George W. Loft

George William Loft (February 6, 1865 – November 6, 1943) was an American businessman, politician, real estate developer, and owner/breeder of thoroughbred racehorses.[1]

George W. Loft
George W Loft.jpg
Born(1865-02-06)February 6, 1865
DiedNovember 6, 1943(1943-11-06) (aged 78)
Resting placeSaint Raymond's Cemetery, Bronx
OccupationBusinessman, banker, politician, real estate owner/developer, racehorse owner/breeder
Political partyDemocrat
Spouse(s)1) Elizabeth M.
2) Julia McMahon
ChildrenGeorge Leon (d. 1935)


Loft with his wife c. 1922

He was born in New York City on February 6, 1865 to English immigrant William Loft (1828-1919),[2] 1860 founder of Loft, Inc. candymakers. Loft attended the public schools. He gained considerable wealth in the candy manufacturing business and expanded into retailing, banking, and real estate.[1]

His first wife Elizabeth M. Loft died in 1910.[3] Loft remarried in 1911 to Julia McMahon whom he met when she was a salesclerk working at his store at 54 Barclay Street in New York. The couple made their home in Baldwin, New York on Long Island. On May 12, 1921, Julia Loft was appointed an honorary Deputy Police Commissioner for the City of New York and announced she would be active in her position and would fulfill her duties on a full-time basis.[4]

A member of the United States House of Representatives from New York, Loft was elected as a Democrat to the Sixty-third Congress to fill the vacancy caused by the 1906 death of Timothy D. Sullivan. He was reelected in 1914 to the Sixty-fourth Congress and served from November 4, 1913, to March 3, 1917. He was not a candidate for renomination in 1916.

In 1923, the City of New York honored him by naming one of its Staten Island Ferry boats the George W. Loft.

He formed George W. Loft Markets Inc. as a retail store operator and George W. Loft Realty Company to handle all real estate transactions, primarily for leasing retail space. In 1938 Loft sub-divided forty acres of his estate at Baldwin, Long Island, erecting twelve luxury homes.

In 1927 George Loft founded the Emerald National Bank & Trust Co. in a building he owned at Seventh Avenue and 33rd Street in Manhattan.[5][6] In 1929 he founded the South Shore Trust Co. in Rockville Centre, New York, and served as president until his death. Following his death, Frank W. Breitbach was elected to succeed George W. Loft as president of the South Shore Trust Company.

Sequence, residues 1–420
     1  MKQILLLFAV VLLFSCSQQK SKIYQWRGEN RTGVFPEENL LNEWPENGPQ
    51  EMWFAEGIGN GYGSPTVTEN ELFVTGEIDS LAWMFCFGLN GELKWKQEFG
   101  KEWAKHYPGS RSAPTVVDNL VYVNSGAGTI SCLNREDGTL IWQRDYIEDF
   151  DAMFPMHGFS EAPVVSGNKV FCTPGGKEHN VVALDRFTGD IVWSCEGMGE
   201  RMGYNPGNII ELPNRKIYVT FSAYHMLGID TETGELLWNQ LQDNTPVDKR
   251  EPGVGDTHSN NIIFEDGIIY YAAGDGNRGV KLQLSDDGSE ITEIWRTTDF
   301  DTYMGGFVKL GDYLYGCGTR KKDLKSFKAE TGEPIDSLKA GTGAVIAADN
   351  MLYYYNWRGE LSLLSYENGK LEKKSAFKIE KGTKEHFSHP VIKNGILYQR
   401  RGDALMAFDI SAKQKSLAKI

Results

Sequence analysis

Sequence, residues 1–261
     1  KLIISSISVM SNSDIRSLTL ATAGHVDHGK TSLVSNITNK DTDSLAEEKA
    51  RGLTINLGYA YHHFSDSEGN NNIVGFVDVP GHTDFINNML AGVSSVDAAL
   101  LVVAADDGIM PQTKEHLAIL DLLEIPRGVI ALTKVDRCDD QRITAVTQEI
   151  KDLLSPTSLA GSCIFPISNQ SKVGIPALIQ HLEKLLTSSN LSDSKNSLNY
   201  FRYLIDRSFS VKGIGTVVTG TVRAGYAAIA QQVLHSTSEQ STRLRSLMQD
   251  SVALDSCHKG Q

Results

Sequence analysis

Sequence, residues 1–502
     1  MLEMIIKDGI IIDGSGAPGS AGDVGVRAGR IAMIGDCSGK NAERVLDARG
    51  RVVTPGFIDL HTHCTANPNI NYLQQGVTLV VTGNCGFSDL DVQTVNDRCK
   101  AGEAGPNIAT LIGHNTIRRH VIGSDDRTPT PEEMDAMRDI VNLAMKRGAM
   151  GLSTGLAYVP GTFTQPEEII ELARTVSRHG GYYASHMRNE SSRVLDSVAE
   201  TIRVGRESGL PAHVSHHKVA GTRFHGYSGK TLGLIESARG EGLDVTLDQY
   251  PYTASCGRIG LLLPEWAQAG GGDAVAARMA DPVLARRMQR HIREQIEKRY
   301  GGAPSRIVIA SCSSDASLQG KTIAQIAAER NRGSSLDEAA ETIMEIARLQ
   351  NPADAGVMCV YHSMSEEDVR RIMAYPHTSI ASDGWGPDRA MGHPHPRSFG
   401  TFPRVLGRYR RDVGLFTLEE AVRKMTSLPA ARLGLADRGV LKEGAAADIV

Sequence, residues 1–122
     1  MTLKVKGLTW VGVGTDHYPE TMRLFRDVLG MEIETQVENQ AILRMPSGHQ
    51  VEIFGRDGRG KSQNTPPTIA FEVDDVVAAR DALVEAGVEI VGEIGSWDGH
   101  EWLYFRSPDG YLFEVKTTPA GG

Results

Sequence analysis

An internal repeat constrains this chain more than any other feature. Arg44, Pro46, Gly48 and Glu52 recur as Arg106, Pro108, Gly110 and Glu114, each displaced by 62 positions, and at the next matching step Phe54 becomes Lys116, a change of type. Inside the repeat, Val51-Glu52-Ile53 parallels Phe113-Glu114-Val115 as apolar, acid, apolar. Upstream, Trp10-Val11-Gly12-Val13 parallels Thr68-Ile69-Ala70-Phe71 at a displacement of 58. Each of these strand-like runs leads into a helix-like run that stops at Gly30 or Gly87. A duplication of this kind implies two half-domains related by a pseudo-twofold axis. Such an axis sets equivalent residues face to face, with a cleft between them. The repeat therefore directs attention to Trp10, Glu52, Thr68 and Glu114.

Thoroughbred racingEdit

Beginning around 1915 Loft became involved in the sport of Thoroughbred horse racing. His stable of horses in flat racing were trained by future U.S. racing Hall of Fame trainer, Max Hirsch.

Loft owned a number of quality racehorses including the very good colt, Papp. In 1917 Papp won the most important race for two-year-olds, the Belmont Futurity Stakes and that same year his filly, Julialeon, won the 1917 Stuyvesant Handicap at Jamaica Race Course. In 1920, he purchased Tippity Witchet, a gelding who raced through age fourteen and after being sold would later retire with seventy-eight wins, fourth all-time among American horses. [1] In 1925, Loft won the prestigious Manhattan Handicap with the gelding, Pepp. [2] In steeplechase racing, his horse Sweepment was the 1921 the Champion timber-topper.[3]

George W. Loft died in Baldwin, New York on November 6, 1943 and was interred in St. Raymond's Cemetery in The Bronx.[1]


  1. ^ a b c "Geo. W. Loft Dies, Candy Maker. Founder and Ex-Head of Store Chain Here Had Represented 13th District in Congress". New York Times. November 7, 1943.
  2. ^
  3. ^ "Obituary 1 -- No Title" (PDF). The New York Times. 1910-05-11. ISSN 0362-4331. Retrieved 2017-11-18.
  4. ^ "G. W. LOFT TO HEAD NEW MIDTOWN BANK; Organizes Emerald National With Capital and Surplus of $1,000,000. ANOTHER TRUST COMPANY California Institution to Have Subsidiary Here -- Other Banking Changes". The New York Times. April 29, 1922.
  5. ^ "Business & Finance: Accidental Banker". Time. April 4, 1927.
  6. ^ "SWEEPMENT LEADS TIMBER TOPPERS; Captures Harford Steeplechase Honors at Havre de Grace in His 1922 Debut". The New York Times. Retrieved August 5, 2015.

External linksEdit

U.S. House of Representatives
Preceded by
Timothy D. Sullivan
Member of the U.S. House of Representatives
from New York's 13th congressional district

November 4, 1913 – March 3, 1917
Succeeded by
Christopher D. Sullivan

  This article incorporates public domain material from the Biographical Directory of the United States Congress website